As mentioned, Arrival isn't just a sci-fi, it's a drama too. In between scenes we are shown Louise's memories of raising her daughter and dealing with her eventual death. How this connects with her communication with the aliens is only revealed later on, but it certainly adds more layers to the film, which also focuses on seeking the aliens' purpose as the rest of the world reacts negatively to their presence.

While the film boasts a trio of talented actors, this movie truly belongs to Amy Adams. As Louise, Adams deftly balances her confusion with the aliens' writings and the pressure brought upon her by the government who are impatiently waiting for results, and the weight of her daughter's demise. Jeremy Renner gets the lighter and more humorous character of Ian, and plays off Adams perfectly. Forest Whitaker plays the military colonel in charge, and it's nice to see one who doesn't consider the aliens as hostile like other similar films. 

I do admit that this film moves at a deliberate pace and might disappoint those expecting more suspense. Please note that Arrival is not that kind of film. But at the end of it all, the payoff is tremendous. It will undoubtedly make you think more about life, death and the future.

Aside from one narrated scene in the middle which I felt was slightly out of place (simply because they should have asked Adams to narrate instead), Arrival is a splendid sci-fi drama which hopefully will get fair representation at the coming Oscars. (8/10)

Saturday, December 31, 2016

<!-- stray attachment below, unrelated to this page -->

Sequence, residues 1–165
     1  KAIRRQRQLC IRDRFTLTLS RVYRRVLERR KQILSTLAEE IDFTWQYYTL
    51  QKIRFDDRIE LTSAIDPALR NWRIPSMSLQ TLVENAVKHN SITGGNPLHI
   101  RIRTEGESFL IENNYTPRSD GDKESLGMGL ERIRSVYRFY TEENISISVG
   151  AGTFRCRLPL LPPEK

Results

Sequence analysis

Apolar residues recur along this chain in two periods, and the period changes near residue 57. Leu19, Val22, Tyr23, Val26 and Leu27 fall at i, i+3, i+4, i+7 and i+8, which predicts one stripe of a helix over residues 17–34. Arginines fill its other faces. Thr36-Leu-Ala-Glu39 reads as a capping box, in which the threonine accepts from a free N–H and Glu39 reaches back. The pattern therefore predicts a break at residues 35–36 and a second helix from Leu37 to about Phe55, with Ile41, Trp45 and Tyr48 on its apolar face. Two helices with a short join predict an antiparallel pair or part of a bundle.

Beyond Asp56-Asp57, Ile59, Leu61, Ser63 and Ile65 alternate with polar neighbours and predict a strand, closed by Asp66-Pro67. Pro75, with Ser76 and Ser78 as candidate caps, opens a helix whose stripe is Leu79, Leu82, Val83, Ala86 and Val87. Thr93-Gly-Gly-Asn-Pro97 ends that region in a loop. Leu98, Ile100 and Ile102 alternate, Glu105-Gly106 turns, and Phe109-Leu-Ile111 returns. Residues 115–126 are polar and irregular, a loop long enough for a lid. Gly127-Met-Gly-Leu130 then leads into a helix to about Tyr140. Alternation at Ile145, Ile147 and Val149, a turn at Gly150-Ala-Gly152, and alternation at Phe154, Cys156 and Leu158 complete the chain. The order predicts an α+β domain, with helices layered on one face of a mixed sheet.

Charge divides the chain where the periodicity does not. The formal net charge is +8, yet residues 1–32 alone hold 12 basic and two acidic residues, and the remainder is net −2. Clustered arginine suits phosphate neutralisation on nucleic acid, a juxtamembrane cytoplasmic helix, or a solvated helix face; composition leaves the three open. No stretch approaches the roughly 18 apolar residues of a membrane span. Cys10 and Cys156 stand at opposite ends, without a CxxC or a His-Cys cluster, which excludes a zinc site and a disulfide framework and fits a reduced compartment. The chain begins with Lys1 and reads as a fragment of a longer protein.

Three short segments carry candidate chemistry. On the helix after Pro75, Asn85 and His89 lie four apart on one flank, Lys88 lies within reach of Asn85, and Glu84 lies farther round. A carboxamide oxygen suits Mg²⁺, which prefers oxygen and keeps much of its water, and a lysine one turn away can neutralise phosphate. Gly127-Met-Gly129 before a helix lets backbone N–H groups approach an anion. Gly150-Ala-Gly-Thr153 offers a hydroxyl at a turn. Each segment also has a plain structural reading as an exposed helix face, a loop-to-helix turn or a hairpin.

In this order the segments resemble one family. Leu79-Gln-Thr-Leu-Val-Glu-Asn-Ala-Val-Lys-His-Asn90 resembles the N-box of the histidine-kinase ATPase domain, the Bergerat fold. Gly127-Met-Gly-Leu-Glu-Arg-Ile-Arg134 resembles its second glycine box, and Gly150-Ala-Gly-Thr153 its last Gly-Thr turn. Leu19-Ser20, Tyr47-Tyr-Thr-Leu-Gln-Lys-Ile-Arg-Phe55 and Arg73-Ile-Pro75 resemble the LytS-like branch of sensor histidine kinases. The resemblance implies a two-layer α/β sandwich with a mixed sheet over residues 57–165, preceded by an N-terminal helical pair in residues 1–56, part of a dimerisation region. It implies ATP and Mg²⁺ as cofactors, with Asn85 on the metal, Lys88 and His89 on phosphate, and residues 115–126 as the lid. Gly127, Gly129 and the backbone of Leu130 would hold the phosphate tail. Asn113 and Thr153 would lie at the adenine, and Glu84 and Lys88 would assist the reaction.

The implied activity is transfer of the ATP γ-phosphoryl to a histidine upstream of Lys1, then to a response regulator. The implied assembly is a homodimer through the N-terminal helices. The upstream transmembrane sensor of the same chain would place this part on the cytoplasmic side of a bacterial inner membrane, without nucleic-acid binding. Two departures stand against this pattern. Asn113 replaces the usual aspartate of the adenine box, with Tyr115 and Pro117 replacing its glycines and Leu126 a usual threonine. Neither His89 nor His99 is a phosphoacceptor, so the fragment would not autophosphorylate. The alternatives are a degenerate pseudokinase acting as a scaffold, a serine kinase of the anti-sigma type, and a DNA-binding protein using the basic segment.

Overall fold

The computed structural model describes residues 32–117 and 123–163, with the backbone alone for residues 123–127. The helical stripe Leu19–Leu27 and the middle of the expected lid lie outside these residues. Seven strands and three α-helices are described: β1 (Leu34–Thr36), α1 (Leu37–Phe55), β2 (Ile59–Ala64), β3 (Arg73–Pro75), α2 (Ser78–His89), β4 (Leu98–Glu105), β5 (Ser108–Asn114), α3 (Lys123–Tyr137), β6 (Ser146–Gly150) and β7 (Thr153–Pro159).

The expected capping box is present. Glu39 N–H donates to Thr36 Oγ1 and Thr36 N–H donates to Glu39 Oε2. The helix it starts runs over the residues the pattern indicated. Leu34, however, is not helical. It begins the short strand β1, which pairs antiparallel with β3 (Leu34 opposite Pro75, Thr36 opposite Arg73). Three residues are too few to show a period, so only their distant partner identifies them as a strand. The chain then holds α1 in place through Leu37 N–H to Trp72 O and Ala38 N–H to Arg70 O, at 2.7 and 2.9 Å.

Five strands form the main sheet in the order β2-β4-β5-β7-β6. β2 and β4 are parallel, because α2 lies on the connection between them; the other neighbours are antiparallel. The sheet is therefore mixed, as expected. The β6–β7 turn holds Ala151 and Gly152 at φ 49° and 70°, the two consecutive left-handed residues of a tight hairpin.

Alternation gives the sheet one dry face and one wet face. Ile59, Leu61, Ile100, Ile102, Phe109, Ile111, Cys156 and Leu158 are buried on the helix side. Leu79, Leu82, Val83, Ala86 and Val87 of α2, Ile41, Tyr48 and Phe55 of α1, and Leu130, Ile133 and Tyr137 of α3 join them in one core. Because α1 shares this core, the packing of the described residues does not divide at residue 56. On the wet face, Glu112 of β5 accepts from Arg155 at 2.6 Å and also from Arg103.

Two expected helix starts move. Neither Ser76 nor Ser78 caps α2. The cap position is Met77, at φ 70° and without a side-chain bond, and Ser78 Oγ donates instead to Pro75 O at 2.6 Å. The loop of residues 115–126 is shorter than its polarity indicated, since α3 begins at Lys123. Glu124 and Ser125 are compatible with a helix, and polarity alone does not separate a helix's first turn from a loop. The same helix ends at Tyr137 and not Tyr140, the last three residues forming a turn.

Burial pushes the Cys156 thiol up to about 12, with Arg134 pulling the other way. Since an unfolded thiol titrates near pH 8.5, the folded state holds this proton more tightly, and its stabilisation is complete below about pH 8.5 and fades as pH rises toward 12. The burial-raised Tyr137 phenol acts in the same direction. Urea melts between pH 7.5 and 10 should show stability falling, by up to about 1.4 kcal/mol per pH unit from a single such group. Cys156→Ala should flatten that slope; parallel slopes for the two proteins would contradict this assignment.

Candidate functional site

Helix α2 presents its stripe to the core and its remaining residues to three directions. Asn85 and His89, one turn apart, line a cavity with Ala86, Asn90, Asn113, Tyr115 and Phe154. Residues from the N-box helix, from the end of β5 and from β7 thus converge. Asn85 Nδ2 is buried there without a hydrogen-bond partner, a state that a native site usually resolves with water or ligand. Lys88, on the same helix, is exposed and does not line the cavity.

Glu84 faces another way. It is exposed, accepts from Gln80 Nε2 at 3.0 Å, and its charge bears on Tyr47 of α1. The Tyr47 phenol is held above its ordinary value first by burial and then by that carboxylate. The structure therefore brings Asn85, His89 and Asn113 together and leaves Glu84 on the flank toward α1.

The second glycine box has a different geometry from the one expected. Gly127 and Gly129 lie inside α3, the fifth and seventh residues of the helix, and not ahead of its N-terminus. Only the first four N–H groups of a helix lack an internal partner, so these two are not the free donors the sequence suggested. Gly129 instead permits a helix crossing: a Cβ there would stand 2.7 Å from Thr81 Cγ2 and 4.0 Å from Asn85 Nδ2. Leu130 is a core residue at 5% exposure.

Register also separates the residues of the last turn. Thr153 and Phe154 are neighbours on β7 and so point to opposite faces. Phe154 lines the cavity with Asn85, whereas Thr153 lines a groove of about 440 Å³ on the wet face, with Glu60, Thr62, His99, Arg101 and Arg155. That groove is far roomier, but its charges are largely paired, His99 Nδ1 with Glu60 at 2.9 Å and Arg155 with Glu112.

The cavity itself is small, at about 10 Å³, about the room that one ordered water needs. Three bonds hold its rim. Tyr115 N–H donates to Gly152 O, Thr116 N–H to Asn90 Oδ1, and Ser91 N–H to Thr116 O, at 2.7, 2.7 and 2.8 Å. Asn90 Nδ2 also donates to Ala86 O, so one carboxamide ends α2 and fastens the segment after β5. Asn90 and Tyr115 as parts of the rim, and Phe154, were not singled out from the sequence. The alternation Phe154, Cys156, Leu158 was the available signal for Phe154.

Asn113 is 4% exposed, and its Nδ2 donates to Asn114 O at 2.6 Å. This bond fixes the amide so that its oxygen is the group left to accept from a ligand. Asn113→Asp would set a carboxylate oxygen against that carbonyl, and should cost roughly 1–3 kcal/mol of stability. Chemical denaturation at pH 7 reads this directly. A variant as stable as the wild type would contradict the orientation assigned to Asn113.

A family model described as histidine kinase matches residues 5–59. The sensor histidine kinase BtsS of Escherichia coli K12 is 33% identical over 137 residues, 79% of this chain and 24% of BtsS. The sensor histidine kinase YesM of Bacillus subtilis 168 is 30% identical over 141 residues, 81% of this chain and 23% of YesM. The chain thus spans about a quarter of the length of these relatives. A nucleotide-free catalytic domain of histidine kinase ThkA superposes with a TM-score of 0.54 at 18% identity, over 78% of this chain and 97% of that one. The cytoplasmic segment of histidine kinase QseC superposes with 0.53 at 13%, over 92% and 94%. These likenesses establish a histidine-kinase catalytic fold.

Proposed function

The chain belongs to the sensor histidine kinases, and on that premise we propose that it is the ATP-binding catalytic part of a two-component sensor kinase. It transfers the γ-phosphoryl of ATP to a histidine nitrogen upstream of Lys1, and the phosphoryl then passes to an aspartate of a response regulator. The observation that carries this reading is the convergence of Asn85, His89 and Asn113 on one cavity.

The Great Wall

Year: 2016
Director: Zhang Yimou
Cast: Matt Damon, Jing Tian, Pedro Pascal, Andy Lau, Willem Dafoe, Lu Han


Plot: A thief from the west travelling to the east in search of gunpowder gets involved in a battle between the guardians of the Great Wall and an ancient evil.


Review: I can't believe the amount of flak this film has been getting. It's strange. When films like Assassin's Creed take themselves too seriously, people hate them. Then when The Great Wall tries to liven things up with fantastical creatures and colorful costumes, people hate that too. There's just no pleasing everyone.

Anyway, acclaimed director Zhang Yimou collaborates with Hollywood to bring to life a fantasy adventure involving the famous Great Wall of China. We are first introduced to a couple of thieves, William and Tovar, who barely survive a strange creature attack on their journey towards the east looking for gunpowder. They end up getting captured by the Nameless Order, an army that watches and secures the Great Wall. Soon after, a large horde of those creatures, named Taotie, attack the wall, and William decides to forgo his original plan and help the Order, much to Tovar's chagrin.

As far as visuals are concerned, Zhang scores plenty of marks. Sure, some of the CGI looks weak, but overall the film looks really good. Just like Hero, Zhang puts his obsession for colors to use here by giving the Order different colored armors based on their skill set. I am aware that some critics have a problem with that, but I thought it was cool.

The action sequences are well done overall, with the opening battle sequence being the most impressive. There's also a cool sequence in the middle of the film when William and Tovar battle the Taotie in thick fog using noise as their guide.

Matt Damon, probably in his first ever role requiring him to use ancient weapons, does well as William, with Game Of Thrones' Pedro Pascal getting the funny sidekick role of Tovar, which he pulls off well too. Jing Tian (Special I.D.), appearing in next year's Kong: Skull Island, impresses as Lin, one of the few members of the order who admires William, while Hong Kong superstar Andy Lau makes good with his role as Strategist Wang, though his English sounds too phonetic at times.